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New anti-violence laws do not target Yellow Vests - Interior Minister

Gilets Jaunes Angers
Gilets Jaunes Angers REUTERS/Stephane Mahe

France's interior minister Christophe Castener addresses assembly members and plays down the more controversial elements within his proposed bill, aimed at limiting violent clashes during street demonstrations.


Speaking on Tuesday, interior minister Castener hoped to convince deputies at the French National Assembly that his proposals aim to curtail the actions of so-called “Casseurs”, and are not aimed at restricting the Yellow Vest Movement's right to protest.

“Les Casseurs”, literally meaning “breakers”, infamously infiltrate protest marches in France with the aim of inciting violence, attacking the authorities and damaging property.

In his address to a parliamentary legal commission, Castener added that the proposed law is not in reaction to current circumstances but a call for common sense. He also underlined that the bill had been presented by senators from the opposition centre-right Républicains party, on November 17th, well before the “Yellow Vest” protests began.

What are the main worries?

French MPs skeptical of the law, which is presented to the parliamentary commission this Wednesday, say Article 2 of the proposal paves the way for the government to ban demonstrations outright, along the lines of existing laws to prevent hooliganism at sports stadiums.

Another issue that has been brought to the fore is the implementation of security perimetres that would allow the security services to search people wishing to attend street protests for weapons.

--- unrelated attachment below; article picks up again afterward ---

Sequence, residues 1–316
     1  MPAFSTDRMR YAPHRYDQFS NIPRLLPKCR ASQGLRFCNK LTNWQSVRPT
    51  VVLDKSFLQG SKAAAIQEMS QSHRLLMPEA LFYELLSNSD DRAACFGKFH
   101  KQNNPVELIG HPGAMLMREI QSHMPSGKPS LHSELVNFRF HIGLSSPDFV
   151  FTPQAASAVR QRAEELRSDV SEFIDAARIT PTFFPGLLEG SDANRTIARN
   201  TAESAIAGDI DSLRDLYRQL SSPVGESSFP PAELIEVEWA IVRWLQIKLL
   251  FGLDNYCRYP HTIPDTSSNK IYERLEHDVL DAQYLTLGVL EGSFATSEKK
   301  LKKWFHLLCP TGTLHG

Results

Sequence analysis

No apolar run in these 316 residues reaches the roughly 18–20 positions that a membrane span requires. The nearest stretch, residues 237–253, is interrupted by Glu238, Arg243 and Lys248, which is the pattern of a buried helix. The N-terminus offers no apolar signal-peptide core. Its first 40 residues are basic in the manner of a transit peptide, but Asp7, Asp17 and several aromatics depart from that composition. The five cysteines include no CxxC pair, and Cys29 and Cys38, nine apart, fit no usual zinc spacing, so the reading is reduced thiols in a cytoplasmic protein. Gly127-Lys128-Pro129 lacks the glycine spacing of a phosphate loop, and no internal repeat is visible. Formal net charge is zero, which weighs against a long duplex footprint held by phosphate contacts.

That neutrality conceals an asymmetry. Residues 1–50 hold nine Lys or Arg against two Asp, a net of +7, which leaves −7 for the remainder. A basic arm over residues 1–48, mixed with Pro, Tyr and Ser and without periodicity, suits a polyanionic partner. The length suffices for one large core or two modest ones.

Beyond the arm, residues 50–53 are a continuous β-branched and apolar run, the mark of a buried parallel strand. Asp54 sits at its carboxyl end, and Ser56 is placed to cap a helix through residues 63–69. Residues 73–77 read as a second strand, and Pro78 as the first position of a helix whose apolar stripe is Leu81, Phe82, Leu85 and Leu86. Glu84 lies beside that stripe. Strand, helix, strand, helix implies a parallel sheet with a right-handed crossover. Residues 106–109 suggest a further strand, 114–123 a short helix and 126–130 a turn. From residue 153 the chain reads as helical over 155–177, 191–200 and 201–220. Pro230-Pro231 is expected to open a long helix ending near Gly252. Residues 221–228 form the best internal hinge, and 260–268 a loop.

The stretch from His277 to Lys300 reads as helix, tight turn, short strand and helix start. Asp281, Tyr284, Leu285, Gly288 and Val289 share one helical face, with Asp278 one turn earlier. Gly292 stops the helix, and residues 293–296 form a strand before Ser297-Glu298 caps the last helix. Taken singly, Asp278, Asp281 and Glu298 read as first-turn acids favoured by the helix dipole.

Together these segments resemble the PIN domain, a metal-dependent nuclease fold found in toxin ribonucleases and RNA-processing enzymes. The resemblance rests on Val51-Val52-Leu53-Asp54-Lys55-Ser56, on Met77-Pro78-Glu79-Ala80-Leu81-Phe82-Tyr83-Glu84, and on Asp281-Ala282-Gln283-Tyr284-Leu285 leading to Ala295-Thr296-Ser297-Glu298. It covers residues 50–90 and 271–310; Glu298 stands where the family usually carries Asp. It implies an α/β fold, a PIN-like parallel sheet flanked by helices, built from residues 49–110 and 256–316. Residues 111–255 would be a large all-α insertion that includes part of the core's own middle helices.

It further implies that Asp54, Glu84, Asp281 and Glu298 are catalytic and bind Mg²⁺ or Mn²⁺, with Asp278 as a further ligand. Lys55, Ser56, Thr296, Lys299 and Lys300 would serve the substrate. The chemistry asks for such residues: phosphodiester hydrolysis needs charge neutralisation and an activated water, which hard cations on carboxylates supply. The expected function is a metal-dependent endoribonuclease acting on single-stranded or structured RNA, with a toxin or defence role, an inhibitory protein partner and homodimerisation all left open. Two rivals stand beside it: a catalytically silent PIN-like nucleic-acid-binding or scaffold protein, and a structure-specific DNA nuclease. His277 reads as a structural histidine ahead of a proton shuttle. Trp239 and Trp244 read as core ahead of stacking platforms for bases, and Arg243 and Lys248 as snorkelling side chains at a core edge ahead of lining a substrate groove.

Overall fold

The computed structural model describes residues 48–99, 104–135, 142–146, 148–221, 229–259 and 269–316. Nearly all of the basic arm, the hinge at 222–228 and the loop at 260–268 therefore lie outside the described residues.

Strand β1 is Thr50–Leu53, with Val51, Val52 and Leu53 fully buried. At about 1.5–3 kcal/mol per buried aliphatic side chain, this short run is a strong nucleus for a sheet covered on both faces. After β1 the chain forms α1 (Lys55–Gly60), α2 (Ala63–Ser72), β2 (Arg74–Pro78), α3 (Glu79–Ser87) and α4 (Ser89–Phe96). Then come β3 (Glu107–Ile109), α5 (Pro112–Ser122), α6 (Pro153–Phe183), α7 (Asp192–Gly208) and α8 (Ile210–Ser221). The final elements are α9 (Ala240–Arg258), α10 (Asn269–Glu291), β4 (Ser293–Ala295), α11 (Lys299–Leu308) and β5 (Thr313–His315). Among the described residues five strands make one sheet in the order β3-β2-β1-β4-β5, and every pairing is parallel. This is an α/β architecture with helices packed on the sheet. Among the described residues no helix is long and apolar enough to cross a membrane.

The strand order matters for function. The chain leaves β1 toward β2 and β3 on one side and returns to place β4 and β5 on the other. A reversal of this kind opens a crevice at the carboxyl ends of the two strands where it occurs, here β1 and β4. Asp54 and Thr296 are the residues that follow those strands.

The interior minister maintains that the options being tabled should be seen as a means to respond swiftly to street violence and send a strong message to those who seek to cause disruption.

In response to doubts over potential body searches of demonstrators, Castener reminded MPs that this measure could be adopted in the context of an anti-terrorism legislation already in place since autumn 2017.

Reactions from both Left and Right

For now, a majority of French lawmakers appear to remain skeptical of the new legislation. Speaking on Wednesday, the spokesperson of the New Anti-Capitalist Party (NPA), Olivier Besancenot said the laws would give President Emmanuel Macron a “legal arsenal” against political opponents that could eventually fall into the hands of Marine Le Pen, if the far-right National Rally were to win the next round of parliamentary and presidential elections in 2022.

Meanwhile, Guillaume Larrivé from the opposition Républicains party implicitly supported Castener’s text, but indicated that the current emergency doesn’t necessarily need a change in legislation, but called for a restructuring of security and police operations.

Although without a designated leader or spokesperson, “Yellow Vest” protesters have consistently denounced any correlation between the “Yellow Vest” movement and the so-called “Casseurs”.

The new legislation is due to be submitted to the National Assembly on 29 January.

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